Muttonbirding – Where To From Here?

We, as an Aboriginal community, have to be realistic in our outlook about the issues that we are facing in regard to the Muttonbird Season and what it means to us today.

Maybe many of the answers to why birding is where it is at today, especially in relation to our younger generation, stem from when some of our families left Cape Barren and Flinders Island years ago and moved to mainland Tasmania.

This decision to relocate was not from choice but rather from pressures brought to bear by the government. It would have been a painful decision and a very hard choice to make but there was no escaping the fact that the move, for those particular families, was necessary in order to survive within a system that did not cater to the needs of our people who lived on the islands. The cost of living became a huge financial burden on every household, especially those where young families were involved.

The only solution that a lot of our people could see was to move away to where the cost of survival would not be such a burden on the family and where there was easier access to the workforce. Another attempt at genocide?

When those of our community, who moved from the islands, settled into urban lifestyle the urge and the need to go birding was still very strong. Many of our community kept up the tradition but for others it didn't prove that easy. For those of our people who were out there in the workforce harsh ultimatums were being given, such as – 'If you go, don't bother coming back' or 'Your job won't be here when you get back.' This really didn't leave much of a choice, especially when those particular community members were supporting families.

It is important to remember that when the muttonbird season was in full swing all those years ago, through to when families started to move away, a big percentage of our people who went birding lived on Cape Barren and Flinders Island. Even after the move, birding was still a major part of their life, that is until, outside pressures started forcing changes.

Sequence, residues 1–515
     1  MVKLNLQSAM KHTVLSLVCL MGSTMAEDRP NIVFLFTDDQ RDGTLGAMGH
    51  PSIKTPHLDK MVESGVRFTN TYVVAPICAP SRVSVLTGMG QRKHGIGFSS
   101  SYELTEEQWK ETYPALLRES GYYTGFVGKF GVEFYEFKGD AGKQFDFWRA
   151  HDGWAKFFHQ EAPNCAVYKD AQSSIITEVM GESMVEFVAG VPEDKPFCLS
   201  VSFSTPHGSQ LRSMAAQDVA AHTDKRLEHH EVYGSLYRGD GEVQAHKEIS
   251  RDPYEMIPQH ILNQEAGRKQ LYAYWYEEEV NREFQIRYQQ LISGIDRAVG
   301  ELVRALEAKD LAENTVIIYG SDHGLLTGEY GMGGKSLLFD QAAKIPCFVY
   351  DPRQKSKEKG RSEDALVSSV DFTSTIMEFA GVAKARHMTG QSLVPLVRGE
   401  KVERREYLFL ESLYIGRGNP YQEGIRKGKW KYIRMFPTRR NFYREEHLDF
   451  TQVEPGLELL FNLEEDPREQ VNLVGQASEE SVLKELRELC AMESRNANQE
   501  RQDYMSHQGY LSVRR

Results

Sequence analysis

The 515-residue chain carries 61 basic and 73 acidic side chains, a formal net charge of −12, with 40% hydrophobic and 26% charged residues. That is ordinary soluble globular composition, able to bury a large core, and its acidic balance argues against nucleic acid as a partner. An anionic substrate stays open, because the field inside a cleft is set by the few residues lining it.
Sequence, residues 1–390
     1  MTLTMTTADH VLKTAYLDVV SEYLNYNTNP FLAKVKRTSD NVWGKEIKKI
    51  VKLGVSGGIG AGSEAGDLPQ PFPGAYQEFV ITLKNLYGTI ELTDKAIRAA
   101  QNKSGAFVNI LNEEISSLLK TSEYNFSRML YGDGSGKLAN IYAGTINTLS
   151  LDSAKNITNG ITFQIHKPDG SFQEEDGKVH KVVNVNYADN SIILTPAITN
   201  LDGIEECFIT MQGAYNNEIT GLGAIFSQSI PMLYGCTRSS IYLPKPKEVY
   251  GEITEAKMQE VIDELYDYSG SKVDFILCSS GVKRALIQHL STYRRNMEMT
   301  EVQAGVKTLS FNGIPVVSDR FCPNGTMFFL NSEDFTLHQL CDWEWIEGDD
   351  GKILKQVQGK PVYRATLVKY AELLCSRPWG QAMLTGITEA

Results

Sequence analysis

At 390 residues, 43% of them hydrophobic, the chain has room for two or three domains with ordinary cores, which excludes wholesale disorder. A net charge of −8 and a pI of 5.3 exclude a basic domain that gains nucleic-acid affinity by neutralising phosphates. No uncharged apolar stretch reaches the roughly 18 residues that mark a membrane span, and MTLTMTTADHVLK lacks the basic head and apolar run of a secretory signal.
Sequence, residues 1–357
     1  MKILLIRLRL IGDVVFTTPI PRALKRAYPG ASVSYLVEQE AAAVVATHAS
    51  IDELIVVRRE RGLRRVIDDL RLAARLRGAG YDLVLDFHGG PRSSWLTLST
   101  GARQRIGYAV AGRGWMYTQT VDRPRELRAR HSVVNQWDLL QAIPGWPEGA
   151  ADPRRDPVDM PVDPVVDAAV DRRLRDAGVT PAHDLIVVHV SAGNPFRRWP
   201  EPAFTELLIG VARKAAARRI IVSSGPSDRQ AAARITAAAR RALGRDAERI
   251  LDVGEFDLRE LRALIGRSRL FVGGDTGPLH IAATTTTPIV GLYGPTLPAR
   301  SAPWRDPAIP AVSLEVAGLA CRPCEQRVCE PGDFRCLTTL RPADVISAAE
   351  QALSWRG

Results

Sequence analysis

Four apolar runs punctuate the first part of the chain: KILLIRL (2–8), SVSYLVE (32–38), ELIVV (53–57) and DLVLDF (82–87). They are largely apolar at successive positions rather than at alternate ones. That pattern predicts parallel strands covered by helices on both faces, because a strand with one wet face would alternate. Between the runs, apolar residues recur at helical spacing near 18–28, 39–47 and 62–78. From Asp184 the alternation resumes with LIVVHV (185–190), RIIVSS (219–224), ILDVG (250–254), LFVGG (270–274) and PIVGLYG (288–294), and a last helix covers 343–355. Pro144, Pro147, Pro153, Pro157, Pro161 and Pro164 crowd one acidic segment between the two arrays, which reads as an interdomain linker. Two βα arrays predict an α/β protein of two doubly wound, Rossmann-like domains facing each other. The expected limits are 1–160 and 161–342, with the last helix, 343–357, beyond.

Many of those changes were due to enforced government policies, mainly within the Departments of Education and Health.

Long before the 40's, the school on Cape Barren Island used to close for the duration of the bird season, which at that time was a six week period. This does not apply today.

The schools on Flinders Island didn't close for the bird season but allowances were made for Aboriginal children to go muttonbirding with their families. Even during the early 80's, the Flinders Island Disrict High School made provision for those of our young ones who were going birding with their parents. Each child was given a set amount of school work that was spread out over the four week period of the bird season. Of course this is not heard of today and, imagine, would not be tolerated by the Department of Education.

Health Department regulations varied from time to time as is noted in Muttonbirds of Bass Strait (1956) and The Birders (1978). It was stated in the second video that the Willis Shed on Big Dog Island was up to the health standards that were required back then.

The health regulations that are now imposed on the bird sheds, in relation to processing standards, is at such a high level that the costs incurred for shed owners is huge considering that the bird season only goes for a four week period each year. The way that our people process muttonbirds hasn't changed and catering to the needs of the various markets is not a problem but due to all the overhead costs now involved one nearly has to be a 'rich black' to be a shed owner.

Social and environmental changes in our life are proving to be a burden in many ways and the majority of our young people are growing up in the broader mainstream of today's society.

The restrictions that were, and still are, imposed on our people in the effort to retain one of our existing cultures, was and still is, just one of the many battles that we have faced, and are still facing today, in the struggle for our Identity.

It is important to remember that though we, as an Aboriginal community, are facing what look like unsurmountable barriers in relation to keeping the muttonbird season alive, we will continue in our struggle to overcome these problems.

No matter what, this part of our culture will always remain alive within us.

The comparisons between then and now may well be too big a gap to span, which indeed leaves us with the old cliché, 'where to from here'.